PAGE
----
Great article today from «The Atlantic» about online bullying.
After a quick search by Sullivan, the blurry photos I’d seen many times at the top of the Let’s Start Drama page appeared on the screen. Sullivan scrolled through some recent “Who’s hotter?” comparisons and clicked on the behind-the-scenes history of the page, which the Common Review Tool allowed him to call up. A window opened on the right side of the screen, showing that multiple reports had been made. Sullivan checked to see whether the reports had failed to indicate that Let’s Start Drama was administered by a fake user profile. But that wasn’t the problem: the bubbles had been clicked correctly. Yet next to this history was a note indicating that future reports about the content would be ignored.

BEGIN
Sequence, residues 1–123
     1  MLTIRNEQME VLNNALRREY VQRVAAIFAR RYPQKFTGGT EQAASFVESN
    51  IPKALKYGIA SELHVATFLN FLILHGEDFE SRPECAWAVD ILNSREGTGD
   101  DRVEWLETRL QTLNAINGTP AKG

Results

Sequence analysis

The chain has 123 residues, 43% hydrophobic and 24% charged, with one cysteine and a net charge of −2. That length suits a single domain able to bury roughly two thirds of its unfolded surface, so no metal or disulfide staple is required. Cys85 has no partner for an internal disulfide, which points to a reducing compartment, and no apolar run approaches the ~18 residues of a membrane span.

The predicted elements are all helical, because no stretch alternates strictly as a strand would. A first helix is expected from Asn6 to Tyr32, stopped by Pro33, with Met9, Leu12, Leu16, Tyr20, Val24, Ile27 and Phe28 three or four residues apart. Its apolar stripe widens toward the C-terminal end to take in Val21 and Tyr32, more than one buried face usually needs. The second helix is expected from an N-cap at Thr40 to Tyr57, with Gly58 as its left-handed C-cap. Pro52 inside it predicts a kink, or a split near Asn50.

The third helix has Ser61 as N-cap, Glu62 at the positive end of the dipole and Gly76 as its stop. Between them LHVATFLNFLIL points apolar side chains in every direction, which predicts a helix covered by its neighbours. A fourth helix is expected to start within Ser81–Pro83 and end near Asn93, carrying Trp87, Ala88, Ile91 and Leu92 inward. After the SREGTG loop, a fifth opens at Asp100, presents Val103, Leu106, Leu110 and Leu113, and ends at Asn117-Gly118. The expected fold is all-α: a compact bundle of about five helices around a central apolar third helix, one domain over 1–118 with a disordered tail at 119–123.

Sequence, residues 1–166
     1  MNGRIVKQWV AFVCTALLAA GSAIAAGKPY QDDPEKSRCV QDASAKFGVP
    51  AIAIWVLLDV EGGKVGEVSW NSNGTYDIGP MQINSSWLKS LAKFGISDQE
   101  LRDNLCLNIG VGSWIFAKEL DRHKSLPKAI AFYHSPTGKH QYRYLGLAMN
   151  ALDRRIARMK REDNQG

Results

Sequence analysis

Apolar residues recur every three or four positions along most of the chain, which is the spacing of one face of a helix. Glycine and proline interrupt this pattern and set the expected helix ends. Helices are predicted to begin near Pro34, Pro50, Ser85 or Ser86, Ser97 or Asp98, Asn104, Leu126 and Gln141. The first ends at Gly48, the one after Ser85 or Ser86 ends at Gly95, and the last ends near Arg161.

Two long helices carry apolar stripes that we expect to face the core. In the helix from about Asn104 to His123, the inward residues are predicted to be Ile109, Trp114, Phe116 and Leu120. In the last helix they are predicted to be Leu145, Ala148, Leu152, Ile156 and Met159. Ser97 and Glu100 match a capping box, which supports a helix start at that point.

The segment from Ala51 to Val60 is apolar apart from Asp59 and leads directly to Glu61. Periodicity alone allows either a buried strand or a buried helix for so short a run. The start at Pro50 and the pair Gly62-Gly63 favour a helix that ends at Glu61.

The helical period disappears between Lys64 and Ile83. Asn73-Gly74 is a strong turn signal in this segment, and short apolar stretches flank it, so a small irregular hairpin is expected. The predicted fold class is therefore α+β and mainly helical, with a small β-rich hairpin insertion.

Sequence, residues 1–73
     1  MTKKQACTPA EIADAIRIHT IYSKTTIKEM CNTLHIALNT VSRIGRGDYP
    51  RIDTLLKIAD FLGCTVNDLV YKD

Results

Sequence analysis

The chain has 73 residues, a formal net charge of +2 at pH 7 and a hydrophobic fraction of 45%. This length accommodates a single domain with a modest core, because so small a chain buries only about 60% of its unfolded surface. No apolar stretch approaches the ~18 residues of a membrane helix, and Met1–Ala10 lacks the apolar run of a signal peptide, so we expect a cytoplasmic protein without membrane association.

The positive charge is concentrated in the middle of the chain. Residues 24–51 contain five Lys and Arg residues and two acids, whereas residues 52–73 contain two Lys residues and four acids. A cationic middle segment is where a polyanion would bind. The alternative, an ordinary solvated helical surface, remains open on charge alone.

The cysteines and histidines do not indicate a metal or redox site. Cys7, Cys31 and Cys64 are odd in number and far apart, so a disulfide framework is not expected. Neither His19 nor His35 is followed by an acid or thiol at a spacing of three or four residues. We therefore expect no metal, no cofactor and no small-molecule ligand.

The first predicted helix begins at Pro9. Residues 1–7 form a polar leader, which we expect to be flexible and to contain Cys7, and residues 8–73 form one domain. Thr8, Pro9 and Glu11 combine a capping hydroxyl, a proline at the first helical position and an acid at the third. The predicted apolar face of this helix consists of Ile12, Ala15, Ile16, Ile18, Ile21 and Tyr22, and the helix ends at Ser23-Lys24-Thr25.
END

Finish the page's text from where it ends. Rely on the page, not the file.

We sat and stared at the screen.
Willner broke the silence. “Someone made a mistake,” he said. “This profile should have been disabled.” He leaned in and peered at the screen. “Actually, two different reps made the same mistake, two different times.”
When I talk with my students Facebook comes up all the time. Sure it's not usually about bullying but sometimes it is, and they appreciate it. The problem described in the article has happened to one of my students. We wrote to Facebook twice about the fake page that had stolen his identity and scraped pictures from back in MS, but it's still there.